Having space is becoming more and more of a privilege.
As populations grow, this privilege, particularly in cities is being challenged by how much we can or cannot do in the available space.
It’s not so different in the event and exhibition arena. After all, we know and expect to pay for the space we need or use.
It is the starting point for all your planning and organising and whether you have too much space or too little, you need to make it work.
People; organisers, venues, suppliers and clients should be realistic about what can and can’t be done in the provided area, and collaborate to ensure a supercalifragilisticexpialidocious event is delivered. The vision for the space available has to be shared and the deliveriables agreed upon . Too much space and you get the wrong ambience or the perception that not enough attendees arrived. Too little space and the atmosphere can appear claustrophobic, cramped, unorganised and complicated.
What’s more, space planning, people movement patterns, audio visual requirements, aisle width, height restrictions and emergency exits all play an equally vital role in the overall outcome.
Fear not, however, because usually when challenged to think creatively and ‘out of the box’, you will, and you do. When space is limited, there are many ways to reinvent the experience. For example, ensuring your conference still has an accompanying exhibition, even if it’s in the hotel’s parking lot.
First and foremost, when considering space requirements, choose a venue that is appropriate for your needs.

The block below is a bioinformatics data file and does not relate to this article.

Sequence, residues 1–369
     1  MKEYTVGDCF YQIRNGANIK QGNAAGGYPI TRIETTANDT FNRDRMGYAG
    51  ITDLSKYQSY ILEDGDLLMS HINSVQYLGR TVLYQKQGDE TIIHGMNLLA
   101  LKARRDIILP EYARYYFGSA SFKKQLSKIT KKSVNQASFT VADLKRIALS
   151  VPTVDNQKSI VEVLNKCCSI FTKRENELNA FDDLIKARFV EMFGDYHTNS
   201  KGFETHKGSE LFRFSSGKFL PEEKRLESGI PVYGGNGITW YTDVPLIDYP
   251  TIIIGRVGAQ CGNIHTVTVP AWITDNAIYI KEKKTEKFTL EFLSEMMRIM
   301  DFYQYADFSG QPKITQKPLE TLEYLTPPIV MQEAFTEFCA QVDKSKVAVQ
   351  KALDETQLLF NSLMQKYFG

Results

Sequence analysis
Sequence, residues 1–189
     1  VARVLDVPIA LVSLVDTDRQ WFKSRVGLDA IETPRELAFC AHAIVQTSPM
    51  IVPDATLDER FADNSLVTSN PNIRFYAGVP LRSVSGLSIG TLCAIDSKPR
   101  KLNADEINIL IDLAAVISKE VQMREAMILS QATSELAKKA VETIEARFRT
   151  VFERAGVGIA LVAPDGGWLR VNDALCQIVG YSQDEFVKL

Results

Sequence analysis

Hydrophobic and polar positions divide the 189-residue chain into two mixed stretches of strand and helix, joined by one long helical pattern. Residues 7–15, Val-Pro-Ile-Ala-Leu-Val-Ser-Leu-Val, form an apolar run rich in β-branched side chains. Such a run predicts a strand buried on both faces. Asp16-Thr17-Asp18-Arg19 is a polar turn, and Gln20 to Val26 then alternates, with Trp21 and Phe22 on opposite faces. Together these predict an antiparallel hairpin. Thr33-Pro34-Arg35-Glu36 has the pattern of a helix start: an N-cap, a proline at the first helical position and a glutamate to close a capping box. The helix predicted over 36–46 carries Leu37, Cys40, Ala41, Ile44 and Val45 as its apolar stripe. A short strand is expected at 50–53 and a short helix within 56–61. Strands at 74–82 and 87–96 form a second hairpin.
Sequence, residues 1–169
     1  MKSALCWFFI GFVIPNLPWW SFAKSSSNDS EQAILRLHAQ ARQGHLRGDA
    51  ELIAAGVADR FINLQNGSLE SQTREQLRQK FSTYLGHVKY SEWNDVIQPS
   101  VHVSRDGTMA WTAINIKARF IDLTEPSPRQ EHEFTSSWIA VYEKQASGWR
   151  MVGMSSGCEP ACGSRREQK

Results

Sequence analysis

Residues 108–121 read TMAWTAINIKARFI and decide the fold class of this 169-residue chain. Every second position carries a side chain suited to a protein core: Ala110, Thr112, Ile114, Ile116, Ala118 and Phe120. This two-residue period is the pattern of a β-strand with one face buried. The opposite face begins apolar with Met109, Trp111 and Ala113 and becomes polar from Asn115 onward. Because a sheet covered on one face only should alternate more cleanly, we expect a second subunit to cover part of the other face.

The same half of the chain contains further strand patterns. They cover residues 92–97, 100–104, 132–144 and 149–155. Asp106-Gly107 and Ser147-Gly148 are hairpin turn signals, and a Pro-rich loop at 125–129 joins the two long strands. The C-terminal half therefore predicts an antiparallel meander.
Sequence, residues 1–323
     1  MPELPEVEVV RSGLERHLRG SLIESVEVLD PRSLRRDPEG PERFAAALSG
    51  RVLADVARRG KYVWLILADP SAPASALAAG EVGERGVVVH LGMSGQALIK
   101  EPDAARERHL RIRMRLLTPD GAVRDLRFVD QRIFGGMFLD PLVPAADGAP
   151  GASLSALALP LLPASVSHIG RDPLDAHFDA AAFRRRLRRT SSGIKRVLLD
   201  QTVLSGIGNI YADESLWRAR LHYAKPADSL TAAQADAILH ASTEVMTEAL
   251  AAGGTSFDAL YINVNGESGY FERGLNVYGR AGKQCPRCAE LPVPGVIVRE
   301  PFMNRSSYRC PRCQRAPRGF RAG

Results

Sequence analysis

For smaller events, a more intimate venue may be best suited for your event. For larger events, a venue that can offer ample space with breakaway rooms, plenty of parking, accommodation and outside space may be better suited for your agenda and engagements. Alternatively, a large field or park and can accommodate outdoor infrastructure that is uniquely versatile, and with just a little extra planning and creativity, you may get a different experience or one that is more suited to the target audience or type of event you are organising.
Nowadays, collecting data generated from exhibitions and events can give you substantial information, in fact, it’s essential, and will help you plan better, utilise space better, understand the visitor pattern better and untimely control costs better. By reflecting on such information, you can create a high-quality experience in the right space and build your company’s brand in the process.
It turns out that space is in fact an opportunity, but the venue, research and experience is up to you.